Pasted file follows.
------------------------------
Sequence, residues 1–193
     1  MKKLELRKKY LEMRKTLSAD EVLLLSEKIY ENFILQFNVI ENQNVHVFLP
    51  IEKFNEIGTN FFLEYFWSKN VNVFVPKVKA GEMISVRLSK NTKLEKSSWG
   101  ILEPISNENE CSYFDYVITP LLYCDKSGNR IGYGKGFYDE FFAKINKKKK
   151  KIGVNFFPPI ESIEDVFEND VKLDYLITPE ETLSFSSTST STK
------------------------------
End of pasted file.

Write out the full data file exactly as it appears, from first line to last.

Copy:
Sequence, residues 1–193
     1  MKKLELRKKY LEMRKTLSAD EVLLLSEKIY ENFILQFNVI ENQNVHVFLP
    51  IEKFNEIGTN FFLEYFWSKN VNVFVPKVKA GEMISVRLSK NTKLEKSSWG
   101  ILEPISNENE CSYFDYVITP LLYCDKSGNR IGYGKGFYDE FFAKINKKKK
   151  KIGVNFFPPI ESIEDVFEND VKLDYLITPE ETLSFSSTST STK